Abbreviations and Acronyms
Patients with left ventricular assist devices (LVADs) are at a high risk of both bleeding and thrombotic complications. Patients must be on therapeutic anticoagulation to prevent pump thrombosis, but many develop acquired von Willebrand disease from the shear stress.1 Careful management of anticoagulation is essential for these patients.
The manufacturer of the HeartMate 3 LVAD (Abbott Vascular) recommends bridging with heparin, with gradual titration to therapeutic levels. In addition to warfarin, 81 to 100 mg aspirin is recommended, with a target international normalized ratio (INR) of 2 to 3 as long-term therapy.2
Warfarin inhibits vitamin K epoxide reductase, which is required to activate factors II, VII, IX, and X. It helps prevent the production of new clotting factors, but existing clotting factors need time to break down based on their half-lives. Warfarin is monitored using prothrombin time/INR, which is a measure of the extrinsic pathway and mainly reflects factor VII. Factor VII has the shortest half-life, however, so a change in the INR at the beginning of therapy may not reflect the amount of residual factor activity remaining. As a result, warfarin may take 3 to 5 days to take full effect, and rapid uptitration of warfarin at the beginning of therapy is not recommended. Starting doses of 2.5 to 7.5 mg warfarin are recommended, depending on the patient's age, baseline INR, drug-drug and disease-state interactions, and genetic factors. An increase in INR of 0.3 to 0.5 is ideal after 2 days of the same regimen.3
The MOMENTUM 3 trial studied the HeartMate 3 vs the HeartMate 2 LVADs. Patients in the HeartMate 3 group had fewer pump thrombosis, stroke, and bleeding events.4 This finding posed the question of whether more conservative anticoagulation strategies would benefit these patients. The current recommendation of bridging to warfarin with heparin stemmed from an increased rate of pump thrombosis seen in patients with the HeartMate 2 LVAD who were not bridged. A retrospective chart review from the Netherlands found fewer bleeding/tamponade events as well as shorter duration of hospital stay in patients with a HeartMate 3 LVAD whose condition was managed using a conservative anticoagulation strategy postoperatively, with no bridging and slow initiation of warfarin to a goal INR of 1.8 to 2.5. No difference in thromboembolic events was found.5 Because of the retrospective nature of this study and its small sample size, additional research in this area into patients with a HeartMate 3 LVAD would be beneficial.
A meta-analysis of 5 studies found that time in therapeutic range for warfarin was only 46% in patients with LVADs. Because maintenance of INR within a therapeutic range correlates with clinical outcomes, additional methods of anticoagulating these complex patients are of interest.1 Guidelines provide a class III recommendation against the use of direct oral anticoagulants, citing the RE-ALIGN trial and the Andreas et al trial.6,7 Both these studies showed an increase in thromboembolic events with the use of dabigatran. Newer case series have been publishing looking at apixaban and rivaroxaban. Parikh et al8 described 7 cases of rivaroxaban and apixaban use in patients with a HeartMate 2 LVAD or HeartWare Ventricular Assist Device system (Medtronic). No patients developed thrombotic events after a mean 208 days. Schulte et al9 examined 48 patients on apixaban, mostly with a HeartWare system, and reported no pump thrombosis events. Whitehouse et al10 examined the use of apixaban (n = 15) vs warfarin (n = 20) in patients with a HeartMate 3 LVAD. No differences in outcomes were seen between the groups at a median duration of treatment with apixaban of 148 days. Based on these small studies, rivaroxaban and apixaban may be considered alternatives in patients with “warfarin failure”; however, large, randomized studies must be conducted to make definitive therapy recommendations.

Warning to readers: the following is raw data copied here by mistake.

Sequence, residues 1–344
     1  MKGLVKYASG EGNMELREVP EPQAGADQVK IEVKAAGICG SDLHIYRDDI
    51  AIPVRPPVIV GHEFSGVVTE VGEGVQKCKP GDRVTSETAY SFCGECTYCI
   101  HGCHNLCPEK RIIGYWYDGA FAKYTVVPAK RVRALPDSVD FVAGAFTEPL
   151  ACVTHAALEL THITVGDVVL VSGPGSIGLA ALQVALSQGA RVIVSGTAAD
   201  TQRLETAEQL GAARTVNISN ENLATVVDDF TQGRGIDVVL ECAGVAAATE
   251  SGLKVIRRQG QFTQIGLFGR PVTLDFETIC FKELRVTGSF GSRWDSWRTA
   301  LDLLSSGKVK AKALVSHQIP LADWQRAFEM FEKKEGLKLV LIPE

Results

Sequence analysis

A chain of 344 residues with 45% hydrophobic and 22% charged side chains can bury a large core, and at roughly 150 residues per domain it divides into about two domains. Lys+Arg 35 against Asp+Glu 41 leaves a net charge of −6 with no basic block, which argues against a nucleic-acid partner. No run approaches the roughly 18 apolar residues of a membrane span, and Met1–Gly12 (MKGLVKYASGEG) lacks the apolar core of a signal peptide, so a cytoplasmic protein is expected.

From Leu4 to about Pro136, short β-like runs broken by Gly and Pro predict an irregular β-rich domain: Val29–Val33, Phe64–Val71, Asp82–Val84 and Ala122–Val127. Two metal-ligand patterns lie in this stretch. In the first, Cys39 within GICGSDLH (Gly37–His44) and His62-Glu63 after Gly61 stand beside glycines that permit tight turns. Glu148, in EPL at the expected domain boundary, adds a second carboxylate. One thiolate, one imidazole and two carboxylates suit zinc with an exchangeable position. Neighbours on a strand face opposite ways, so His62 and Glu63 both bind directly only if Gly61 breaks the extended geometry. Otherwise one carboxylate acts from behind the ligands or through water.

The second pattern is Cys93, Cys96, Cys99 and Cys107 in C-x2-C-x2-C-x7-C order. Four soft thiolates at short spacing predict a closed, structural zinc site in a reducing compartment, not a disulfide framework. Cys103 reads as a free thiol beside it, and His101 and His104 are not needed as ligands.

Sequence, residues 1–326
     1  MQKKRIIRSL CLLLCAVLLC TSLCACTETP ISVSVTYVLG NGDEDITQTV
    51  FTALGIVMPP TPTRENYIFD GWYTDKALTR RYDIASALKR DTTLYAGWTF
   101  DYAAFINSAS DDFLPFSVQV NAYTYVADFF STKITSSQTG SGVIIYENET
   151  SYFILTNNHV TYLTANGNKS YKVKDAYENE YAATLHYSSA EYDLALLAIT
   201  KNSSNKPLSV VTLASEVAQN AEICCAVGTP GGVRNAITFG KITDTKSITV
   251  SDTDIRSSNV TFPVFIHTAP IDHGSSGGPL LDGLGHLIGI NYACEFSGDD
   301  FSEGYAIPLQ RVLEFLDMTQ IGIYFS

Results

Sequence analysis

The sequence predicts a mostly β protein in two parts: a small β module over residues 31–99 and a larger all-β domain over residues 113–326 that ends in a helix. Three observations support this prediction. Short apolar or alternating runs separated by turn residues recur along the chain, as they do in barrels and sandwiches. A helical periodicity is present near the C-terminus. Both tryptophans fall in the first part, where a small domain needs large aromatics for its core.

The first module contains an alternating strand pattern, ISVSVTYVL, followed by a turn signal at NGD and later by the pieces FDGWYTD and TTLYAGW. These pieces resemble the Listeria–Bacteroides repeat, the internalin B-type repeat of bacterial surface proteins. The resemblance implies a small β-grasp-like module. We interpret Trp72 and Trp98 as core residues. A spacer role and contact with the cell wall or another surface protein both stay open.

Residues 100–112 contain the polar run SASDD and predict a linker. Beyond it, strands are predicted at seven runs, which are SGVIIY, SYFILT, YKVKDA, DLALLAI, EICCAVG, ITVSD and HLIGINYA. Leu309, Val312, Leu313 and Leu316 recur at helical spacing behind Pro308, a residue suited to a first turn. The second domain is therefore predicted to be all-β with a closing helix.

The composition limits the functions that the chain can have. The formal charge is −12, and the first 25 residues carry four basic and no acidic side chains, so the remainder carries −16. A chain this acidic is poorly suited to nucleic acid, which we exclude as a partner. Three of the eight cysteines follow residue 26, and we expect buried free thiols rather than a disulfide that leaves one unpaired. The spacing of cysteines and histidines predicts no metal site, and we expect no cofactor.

In patients requiring anticoagulation reversal, vitamin K should be the primary agent used in patients on warfarin. Because of warfarin's slower onset of effect, however, prothrombin complex concentrates have been of interest in urgent cases. Several small, retrospective, single-center studies have been conducted to examine prothrombin complex concentrate use in patients with LVADs, with the majority being intracranial hemorrhage cases. Studies found shorter time to reversal, with no increase in thromboembolic events. There were no differences in outcomes, however, in terms of bleeding expansion and mortality. Based on this limited amount of data, the use of prothrombin complex concentrates in patients with LVADs appears to be safe, but clinicians should consider using a low-dose strategy and limiting use to patients with intracranial hemorrhage.11
Considering that patients with an LVAD are at high risk for bleeding, more conservative anticoagulation regimens should be studied in patients with a HeartMate 3 device because of the lower thrombotic risks seen in the MOMENTUM study. Ongoing studies are examining the use of direct oral anticoagulants in patients with a HeartMate 3 device to determine whether they could become a therapeutic option for these patients in the future.
Author Contributions: E.B.Y. was involved in writing and editing the manuscript and presenting the findings.
Conflict of Interest Disclosure: None.
Section Editors: José L. Díaz-Gómez, MD, MAS; James M. Anton, MD.
Meeting Presentation: Presented at: the 1st Annual Perioperative Mechanical Circulatory Support Symposium & Cutting-Edge Critical Care Echo Workshop; February 24-25, 2023; Houston, TX.